Non-Conformity May Be Tackled By Zones In OC

OCEAN CITY – The Ocean City Planning and Zoning Commission
held a public hearing on Tuesday to discuss two code amendments that could
adversely affect parking in the entire resort.

The hearing was held to consider amendments limiting the
number of off-street parking spaces that may be approved with reduced design
standards and another that would consider restricting the continuance of
nonconforming parking when a redevelopment involves a change of land use.

As for the first amendment that looks to reduce the
maximum amount of compact parking an establishment can seek to a 25-percent
limit, Zoning Administrator Blaine Smith opened the hearing by explaining how
the process currently works.

“The design code currently permits the Board of Zoning
Appeals (BZA) to grant parking exceptions and reduction of parking requirements
and design standards in any district whenever the character of these, of the
building or land, such as to make unnecessary the full provision of the parking
facilities,” he said.

In the past, if applicants presented a strong enough case,
they could have any number of their spaces be a compact size even though there
was an unwritten 25-percent limit guideline, something the BZA and City Council
is looking to codify so the board has a rationale when considering parking
exceptions instead of being open ended.

As Smith pointed out, this is an important issue since
Ocean City is a town traveled to primarily by car.

As for city standards now, Smith said the city goes by a
one-size-fits-all policy with a nine-foot by 20-foot parking space. When
compact parking exceptions are sought, those spaces have a standard size of
eight feet by 18 feet.

 “We have adopted
8-foot wide, 18-foot depth in the upper downtown and lower downtown areas
because of the nature of the properties and the use of the properties,” Smith
said. “We felt that was appropriate for downtown because of the old town
development that exists and how hard it is to retrofit.”

Ocean City Development Corporation Executive Director
Glenn Irwin then spoke, reiterating that any decision by the Planning and
Zoning Commission regarding the 25-percent ceiling wouldn’t affect the downtown
overlay districts since their design standards and incentives allow them to
reach a maximum of 50 percent.

Regan Smith, a lawyer with Williams Hammond Moore Shockley
& Harrison P.A., then offered up his concerns regarding the amendment,
saying it would only cripple properties whose lots are smaller, such as the
50-foot by 100-foot lots downtown.

“If you limit your nonconforming spaces, nothing can be
done with that property because the change of use or any type of change when we
have to go for any type of zoning approval means we can only have 25 percent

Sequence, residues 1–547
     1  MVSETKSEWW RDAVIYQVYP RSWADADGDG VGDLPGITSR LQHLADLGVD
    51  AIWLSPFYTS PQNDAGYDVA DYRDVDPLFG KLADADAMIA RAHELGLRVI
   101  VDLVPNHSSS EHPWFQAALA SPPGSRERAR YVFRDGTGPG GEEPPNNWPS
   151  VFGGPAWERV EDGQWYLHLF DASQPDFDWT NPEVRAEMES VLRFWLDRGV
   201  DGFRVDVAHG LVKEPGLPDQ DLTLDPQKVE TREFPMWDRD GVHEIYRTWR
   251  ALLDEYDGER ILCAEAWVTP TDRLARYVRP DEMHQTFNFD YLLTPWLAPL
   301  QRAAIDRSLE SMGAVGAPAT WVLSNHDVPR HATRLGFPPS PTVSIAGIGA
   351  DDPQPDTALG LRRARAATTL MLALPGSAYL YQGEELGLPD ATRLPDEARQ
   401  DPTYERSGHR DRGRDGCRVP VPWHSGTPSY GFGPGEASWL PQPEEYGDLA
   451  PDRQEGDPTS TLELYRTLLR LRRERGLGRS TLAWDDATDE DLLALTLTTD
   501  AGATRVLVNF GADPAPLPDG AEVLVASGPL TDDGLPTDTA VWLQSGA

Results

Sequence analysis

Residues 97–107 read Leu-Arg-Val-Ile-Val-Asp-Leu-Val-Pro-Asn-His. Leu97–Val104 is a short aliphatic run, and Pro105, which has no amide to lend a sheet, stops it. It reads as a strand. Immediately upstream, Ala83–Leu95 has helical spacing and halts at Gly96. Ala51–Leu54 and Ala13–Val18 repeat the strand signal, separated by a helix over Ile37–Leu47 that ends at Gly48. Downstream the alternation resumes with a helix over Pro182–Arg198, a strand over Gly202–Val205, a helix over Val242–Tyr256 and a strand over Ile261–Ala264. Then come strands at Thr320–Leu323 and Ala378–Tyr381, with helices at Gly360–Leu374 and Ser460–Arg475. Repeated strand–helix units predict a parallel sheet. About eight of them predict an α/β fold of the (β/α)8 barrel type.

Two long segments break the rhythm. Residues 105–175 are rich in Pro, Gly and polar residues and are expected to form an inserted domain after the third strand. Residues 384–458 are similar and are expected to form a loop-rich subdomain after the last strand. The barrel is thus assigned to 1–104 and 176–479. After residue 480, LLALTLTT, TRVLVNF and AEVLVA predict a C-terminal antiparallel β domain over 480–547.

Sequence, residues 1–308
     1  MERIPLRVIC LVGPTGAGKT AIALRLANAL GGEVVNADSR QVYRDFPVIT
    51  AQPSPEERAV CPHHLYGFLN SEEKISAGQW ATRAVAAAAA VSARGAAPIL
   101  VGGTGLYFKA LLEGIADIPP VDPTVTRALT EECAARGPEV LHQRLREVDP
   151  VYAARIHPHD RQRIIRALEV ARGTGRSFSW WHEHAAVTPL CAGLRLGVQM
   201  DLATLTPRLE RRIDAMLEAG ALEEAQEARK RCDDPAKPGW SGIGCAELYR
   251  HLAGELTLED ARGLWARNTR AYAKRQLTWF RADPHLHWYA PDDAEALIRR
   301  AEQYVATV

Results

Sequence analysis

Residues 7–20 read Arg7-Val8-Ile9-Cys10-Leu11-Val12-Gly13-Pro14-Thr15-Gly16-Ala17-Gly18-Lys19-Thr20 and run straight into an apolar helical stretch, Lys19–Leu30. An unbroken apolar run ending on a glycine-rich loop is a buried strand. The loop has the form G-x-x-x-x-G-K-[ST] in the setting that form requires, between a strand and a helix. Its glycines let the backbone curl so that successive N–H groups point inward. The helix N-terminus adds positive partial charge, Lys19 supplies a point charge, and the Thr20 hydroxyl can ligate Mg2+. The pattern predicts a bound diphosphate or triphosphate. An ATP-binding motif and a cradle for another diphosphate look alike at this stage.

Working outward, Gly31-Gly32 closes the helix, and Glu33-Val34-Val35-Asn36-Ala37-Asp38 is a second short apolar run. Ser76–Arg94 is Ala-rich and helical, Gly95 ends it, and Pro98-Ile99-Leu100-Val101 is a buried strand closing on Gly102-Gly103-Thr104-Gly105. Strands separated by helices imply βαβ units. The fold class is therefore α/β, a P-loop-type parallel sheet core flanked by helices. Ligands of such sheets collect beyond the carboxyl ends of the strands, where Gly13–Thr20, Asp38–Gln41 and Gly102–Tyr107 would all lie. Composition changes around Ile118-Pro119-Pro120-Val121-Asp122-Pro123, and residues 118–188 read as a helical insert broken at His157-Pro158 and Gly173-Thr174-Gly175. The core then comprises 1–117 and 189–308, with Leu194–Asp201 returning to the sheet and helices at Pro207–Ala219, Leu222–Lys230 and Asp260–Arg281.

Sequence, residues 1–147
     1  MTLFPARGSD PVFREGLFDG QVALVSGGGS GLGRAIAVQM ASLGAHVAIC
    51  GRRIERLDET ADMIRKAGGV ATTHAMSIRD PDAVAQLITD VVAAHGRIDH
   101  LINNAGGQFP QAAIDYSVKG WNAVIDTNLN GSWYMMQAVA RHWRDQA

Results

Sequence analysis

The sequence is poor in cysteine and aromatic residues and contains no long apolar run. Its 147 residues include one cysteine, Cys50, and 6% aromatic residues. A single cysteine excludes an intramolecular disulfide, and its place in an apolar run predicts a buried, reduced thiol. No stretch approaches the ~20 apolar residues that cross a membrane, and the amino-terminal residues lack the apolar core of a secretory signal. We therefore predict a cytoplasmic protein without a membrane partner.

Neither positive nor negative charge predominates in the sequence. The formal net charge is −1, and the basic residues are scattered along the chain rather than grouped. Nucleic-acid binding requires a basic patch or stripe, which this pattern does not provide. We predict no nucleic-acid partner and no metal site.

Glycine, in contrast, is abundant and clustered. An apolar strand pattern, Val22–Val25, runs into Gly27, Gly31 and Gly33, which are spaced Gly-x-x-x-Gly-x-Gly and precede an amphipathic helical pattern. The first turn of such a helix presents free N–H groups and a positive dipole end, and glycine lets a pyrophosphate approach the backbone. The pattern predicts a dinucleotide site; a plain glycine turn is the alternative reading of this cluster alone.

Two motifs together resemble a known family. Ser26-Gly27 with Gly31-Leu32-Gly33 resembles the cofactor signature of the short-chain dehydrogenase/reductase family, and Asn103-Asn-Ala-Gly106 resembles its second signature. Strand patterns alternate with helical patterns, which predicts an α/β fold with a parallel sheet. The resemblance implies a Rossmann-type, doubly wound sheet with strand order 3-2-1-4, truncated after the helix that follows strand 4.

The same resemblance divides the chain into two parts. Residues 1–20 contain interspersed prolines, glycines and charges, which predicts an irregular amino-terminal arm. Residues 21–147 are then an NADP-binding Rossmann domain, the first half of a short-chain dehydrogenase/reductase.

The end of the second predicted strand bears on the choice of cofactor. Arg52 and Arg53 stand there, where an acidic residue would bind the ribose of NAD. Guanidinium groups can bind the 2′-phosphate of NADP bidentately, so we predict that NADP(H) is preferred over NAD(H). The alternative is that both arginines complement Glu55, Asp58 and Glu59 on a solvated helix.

nonconforming parking and it’s only got two spaces to begin with, so what we
supposed to do with that?” he asked.

Smith said placing a ceiling on the amount of
nonconforming spaces only digresses from what the commission was made for in
the first place, to deal with these types of issues on a case-by-case basis.

“My point is, by limiting the Board of Zoning Appeals to
what they can do, you’re eliminating what they are exactly designed to do which
is deal with unique situations that come up,” he said.

From there, the commission moved to the second part of the
hearing which sought to weigh whether it should modify parking nonconformity on
a change of use property.

Change of use can include a commercial property becoming
residential, a residential property becoming commercial, or just a commercial
becoming commercial again such as a restaurant becoming a store.

Concerning commercial to commercial change of use, the
commission was leaning toward leaving that aspect alone and focused more on
commercial becoming residential, such as that of the Smuggler’s Cay property.

Before, nonconformity for the commercial property allowed
it to have less than ideal parking but a switch to residential would greatly up
the demand for parking in that area.

“We’ve hung our hat on the fact that it detrimentally
effects the neighborhood if we force the owners of these new condos to go park
on the streets all around their homes,” said Planning Commissioner Peck Miller,
explaining that the parking burden shouldn’t fall on neighboring properties
when a condo doesn’t provide sufficient parking.

Realizing that looking at nonconformity issues dealing
with the city as a whole would not work, commissioners began to ride on the
idea that maybe the amendments would be best if looked at in different,
individual zones.

Commissioner Lauren Taylor thinks taking it zone by zone
and creating standards for each so as to address these issues in certain areas,
with more specific parameters, would be ideal.

was then decided that the commission would continue the public hearing on a
later date when all the members could attend a work session that would bring
them up to date on the issues regarding the different zones and how these
amendments would adversely affect them, especially in the areas south of 17th